India’s preparing to tender 10 gigawatts of wind power by 2019 in auctions intended to help meet Prime Minister Narendra Modi’s ambitious clean-energy targets.
The first 1GW tender is planned for October, Varsha Joshi said in an interview with Bloomberg News. She’s joint secretary at India’s ministry of new and renewable Power, the agency tasked with realizing Modi’s goal of increasing clean energy almost fourfold by 2022, to 175GW from 45GW now.
India will encourage bids by increasing the quota for clean energy that utilities are required to purchase, according to Joshi. The government is working to raise the share of green power from all the states’ grids over the next three years.
“We’re still chalking out a road map for wind auctions in order to enable states to fulfil the upcoming new purchase obligations and are thinking of around 10 gigawatt capacity to be tendered by 2019,” Joshi said.
The quota, requiring states to source a percentage of energy consumption with clean sources, is called the Renewable Purchase Obligation, or RPO. It may be increased to 17% by 2019, up from 5% to 7% currently, according of the joint secretaries at the ministry, Tarun Kapoor.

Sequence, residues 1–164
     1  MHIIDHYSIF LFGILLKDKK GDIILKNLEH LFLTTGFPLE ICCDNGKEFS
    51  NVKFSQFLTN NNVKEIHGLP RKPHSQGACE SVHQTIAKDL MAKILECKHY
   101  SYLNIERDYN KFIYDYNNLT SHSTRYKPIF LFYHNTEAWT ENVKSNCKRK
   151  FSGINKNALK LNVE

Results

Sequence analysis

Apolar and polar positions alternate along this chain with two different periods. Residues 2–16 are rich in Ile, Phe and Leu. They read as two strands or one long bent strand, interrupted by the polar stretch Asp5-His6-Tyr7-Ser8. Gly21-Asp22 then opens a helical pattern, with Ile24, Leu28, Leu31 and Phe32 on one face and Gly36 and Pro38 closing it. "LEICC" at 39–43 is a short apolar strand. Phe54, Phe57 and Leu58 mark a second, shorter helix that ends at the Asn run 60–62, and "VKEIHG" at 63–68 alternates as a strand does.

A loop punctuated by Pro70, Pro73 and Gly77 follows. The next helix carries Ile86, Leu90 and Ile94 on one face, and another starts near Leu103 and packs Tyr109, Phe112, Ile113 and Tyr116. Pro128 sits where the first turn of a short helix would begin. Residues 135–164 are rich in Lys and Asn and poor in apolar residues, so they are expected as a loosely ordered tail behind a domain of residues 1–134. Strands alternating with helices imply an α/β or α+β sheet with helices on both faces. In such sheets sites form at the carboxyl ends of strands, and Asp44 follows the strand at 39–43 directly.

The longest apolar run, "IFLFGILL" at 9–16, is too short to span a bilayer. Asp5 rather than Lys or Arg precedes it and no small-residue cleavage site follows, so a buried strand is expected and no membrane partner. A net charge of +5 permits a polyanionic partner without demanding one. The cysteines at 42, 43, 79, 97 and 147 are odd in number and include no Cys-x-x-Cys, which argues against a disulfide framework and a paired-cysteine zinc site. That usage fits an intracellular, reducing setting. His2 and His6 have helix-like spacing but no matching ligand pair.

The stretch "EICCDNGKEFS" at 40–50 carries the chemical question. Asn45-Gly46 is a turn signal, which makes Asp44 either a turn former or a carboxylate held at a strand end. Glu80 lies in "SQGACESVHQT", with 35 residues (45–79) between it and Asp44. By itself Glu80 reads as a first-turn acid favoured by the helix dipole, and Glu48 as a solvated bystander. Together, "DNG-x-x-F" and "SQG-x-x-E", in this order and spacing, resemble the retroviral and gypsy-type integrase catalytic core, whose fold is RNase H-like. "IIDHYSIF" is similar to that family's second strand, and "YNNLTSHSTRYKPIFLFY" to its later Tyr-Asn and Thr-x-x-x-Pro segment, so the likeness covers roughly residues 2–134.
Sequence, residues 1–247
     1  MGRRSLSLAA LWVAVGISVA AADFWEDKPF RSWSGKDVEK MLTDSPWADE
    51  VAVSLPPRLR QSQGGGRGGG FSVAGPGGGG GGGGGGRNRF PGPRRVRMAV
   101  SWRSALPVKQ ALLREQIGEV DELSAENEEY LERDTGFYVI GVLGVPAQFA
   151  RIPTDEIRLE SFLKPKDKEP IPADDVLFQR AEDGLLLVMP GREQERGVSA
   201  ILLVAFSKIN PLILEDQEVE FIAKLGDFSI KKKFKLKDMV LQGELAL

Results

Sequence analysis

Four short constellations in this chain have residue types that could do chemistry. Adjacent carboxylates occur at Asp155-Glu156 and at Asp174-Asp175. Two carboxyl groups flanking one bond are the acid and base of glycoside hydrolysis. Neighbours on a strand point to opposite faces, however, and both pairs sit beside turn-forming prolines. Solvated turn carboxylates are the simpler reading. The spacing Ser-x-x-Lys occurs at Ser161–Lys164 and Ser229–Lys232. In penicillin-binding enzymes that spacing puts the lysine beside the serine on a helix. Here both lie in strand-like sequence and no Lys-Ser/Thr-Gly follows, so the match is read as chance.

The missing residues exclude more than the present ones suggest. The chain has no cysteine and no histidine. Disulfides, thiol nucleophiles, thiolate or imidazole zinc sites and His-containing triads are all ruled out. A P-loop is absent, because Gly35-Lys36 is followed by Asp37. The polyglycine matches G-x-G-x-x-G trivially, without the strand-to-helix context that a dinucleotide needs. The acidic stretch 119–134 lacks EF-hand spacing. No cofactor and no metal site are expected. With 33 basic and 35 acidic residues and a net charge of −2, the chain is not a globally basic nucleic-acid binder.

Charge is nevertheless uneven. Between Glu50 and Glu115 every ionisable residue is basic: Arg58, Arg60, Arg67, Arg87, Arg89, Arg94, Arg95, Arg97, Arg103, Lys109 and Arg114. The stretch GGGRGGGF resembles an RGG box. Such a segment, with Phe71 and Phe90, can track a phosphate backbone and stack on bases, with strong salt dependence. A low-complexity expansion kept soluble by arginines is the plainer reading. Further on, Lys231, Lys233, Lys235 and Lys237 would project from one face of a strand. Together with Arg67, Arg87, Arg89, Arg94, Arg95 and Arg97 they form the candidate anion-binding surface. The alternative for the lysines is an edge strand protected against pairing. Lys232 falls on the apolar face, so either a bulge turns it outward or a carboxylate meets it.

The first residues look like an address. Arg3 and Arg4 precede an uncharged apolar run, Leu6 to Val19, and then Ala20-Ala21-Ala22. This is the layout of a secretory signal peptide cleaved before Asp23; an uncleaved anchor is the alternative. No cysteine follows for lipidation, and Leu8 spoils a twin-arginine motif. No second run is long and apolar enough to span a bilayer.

Investments at risk
The auction format being developed will allow wind-poor states to source clean energy from windier ones, Joshi said. The Indian wind industry is banking on auctions to maintain growth after state utilities put investments at risk by holding back millions of dollars in payments for nearly a year.
“Once reverse bidding comes then over the next two to four years you will see something similar to solar,” said Rahul Munjal, chairman and managing director at Hero Future Energies Pvt., which will commission more than 950 megawatts of wind and solar capacity by March 2017.
Once the auction rules are established and power tariffs become realistic, Munjal expects state-power retailers to be more enthusiastic about the programme.
According to India’s Wind Independent Power Producers Association, most of India’s seven states have slowed power-purchase agreements, a sign they’re expecting auctions to reduce tariffs paid for power.
“Equipment costs have to come down” for the wind industry to survive, said Sunil Jain, the association’s president. Otherwise, “states can buy cheaper solar power to fulfil their purchase obligations”.
Turbine manufacturers are wary of the switch from the existing format that awards feed-in-tariffs.
“Globally, feed-in tariffs have been more successful for wind and in India also,” Suzlon Energy Ltd. founder Tulsi Tanti said in an interview. “I’m not in favour of the bidding process.”